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Ann Hum Biol. 2000 Sep-Oct;27(5):453-65.

The origins of the Irish travellers and the genetic structure of Ireland.

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  • 1Department of Anthropology, University of Kansas, USA.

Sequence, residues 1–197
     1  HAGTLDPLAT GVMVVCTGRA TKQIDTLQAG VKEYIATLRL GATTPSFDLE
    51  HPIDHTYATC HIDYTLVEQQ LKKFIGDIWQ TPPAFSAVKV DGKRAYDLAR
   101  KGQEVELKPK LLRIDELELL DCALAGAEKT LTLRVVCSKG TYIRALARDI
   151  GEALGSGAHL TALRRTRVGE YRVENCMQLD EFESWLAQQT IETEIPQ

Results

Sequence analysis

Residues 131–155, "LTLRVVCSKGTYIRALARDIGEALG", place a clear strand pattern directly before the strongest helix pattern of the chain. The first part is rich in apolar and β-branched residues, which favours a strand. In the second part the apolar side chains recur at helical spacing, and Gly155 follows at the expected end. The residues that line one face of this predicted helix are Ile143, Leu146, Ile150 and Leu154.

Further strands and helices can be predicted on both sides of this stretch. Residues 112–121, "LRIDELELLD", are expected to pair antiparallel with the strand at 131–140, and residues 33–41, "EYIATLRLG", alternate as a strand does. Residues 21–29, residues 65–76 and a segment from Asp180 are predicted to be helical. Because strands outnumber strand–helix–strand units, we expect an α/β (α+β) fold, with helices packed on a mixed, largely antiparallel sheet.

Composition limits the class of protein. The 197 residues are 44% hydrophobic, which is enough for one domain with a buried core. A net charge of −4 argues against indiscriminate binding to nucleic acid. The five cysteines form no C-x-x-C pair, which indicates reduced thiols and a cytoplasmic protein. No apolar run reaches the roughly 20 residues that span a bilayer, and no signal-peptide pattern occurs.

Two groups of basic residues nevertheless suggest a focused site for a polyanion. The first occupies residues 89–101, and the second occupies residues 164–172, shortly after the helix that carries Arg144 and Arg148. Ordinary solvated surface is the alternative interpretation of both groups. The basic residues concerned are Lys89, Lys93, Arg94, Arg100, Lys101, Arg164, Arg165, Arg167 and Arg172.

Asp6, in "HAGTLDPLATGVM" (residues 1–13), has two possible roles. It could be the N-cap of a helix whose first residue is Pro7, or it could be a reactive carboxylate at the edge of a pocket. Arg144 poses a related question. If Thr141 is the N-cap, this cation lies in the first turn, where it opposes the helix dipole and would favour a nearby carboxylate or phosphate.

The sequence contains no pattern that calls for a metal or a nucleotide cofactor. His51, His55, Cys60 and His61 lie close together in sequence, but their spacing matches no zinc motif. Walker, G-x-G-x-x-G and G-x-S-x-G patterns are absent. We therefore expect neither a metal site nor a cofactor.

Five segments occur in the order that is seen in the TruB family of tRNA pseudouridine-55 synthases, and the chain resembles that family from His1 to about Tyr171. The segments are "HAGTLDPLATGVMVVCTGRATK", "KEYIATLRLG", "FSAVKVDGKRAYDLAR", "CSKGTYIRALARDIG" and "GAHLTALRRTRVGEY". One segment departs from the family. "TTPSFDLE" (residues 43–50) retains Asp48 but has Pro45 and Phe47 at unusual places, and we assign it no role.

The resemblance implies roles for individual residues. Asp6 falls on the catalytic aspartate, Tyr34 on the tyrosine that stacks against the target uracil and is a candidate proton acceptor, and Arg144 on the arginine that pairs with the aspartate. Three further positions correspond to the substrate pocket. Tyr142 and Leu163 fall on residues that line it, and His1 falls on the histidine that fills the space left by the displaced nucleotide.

Ireland's unique and well-documented history provides insight into the formation and origins of population subdivisions. Of particular interest, is the controversial ethnogenesis of an itinerant population of Ireland: the Travellers. The objectives of this study were: (1) to determine the genetic affinity of the Travellers to the general Irish population based on gene frequency data, subdivided by county, and (2) to explore the relationship between subpopulations of Ireland, given its turbulent history. The gene frequencies of standard genetic markers collected from populations residing in counties of Ireland and the Travellers were calculated and analysed using several multivariate methods. First, a relationship (R) matrix was used to ascertain the scaled variance covariance matrix of population similarity. Second, mean per locus heterozygosity (H) was regressed on distance of the region from the gene frequency centroid (r(ii)). The results of this study include: (1) the confirmation of Crawford's (1975, in Biosocial Interrelations in Population Adaptations, E. S. Watts et al. (eds), pp. 93-103) conclusions concerning the origins and genetic affinity of the Travellers; (2) based on several multivariate analyses, the major influence on population structure was unique historical events; and (3) Relethford and Crawford's (1995, American Journal of Physical Anthropology, 96, 25-38) hypothesis concerning the distinctiveness of the midland counties was verified by this study.

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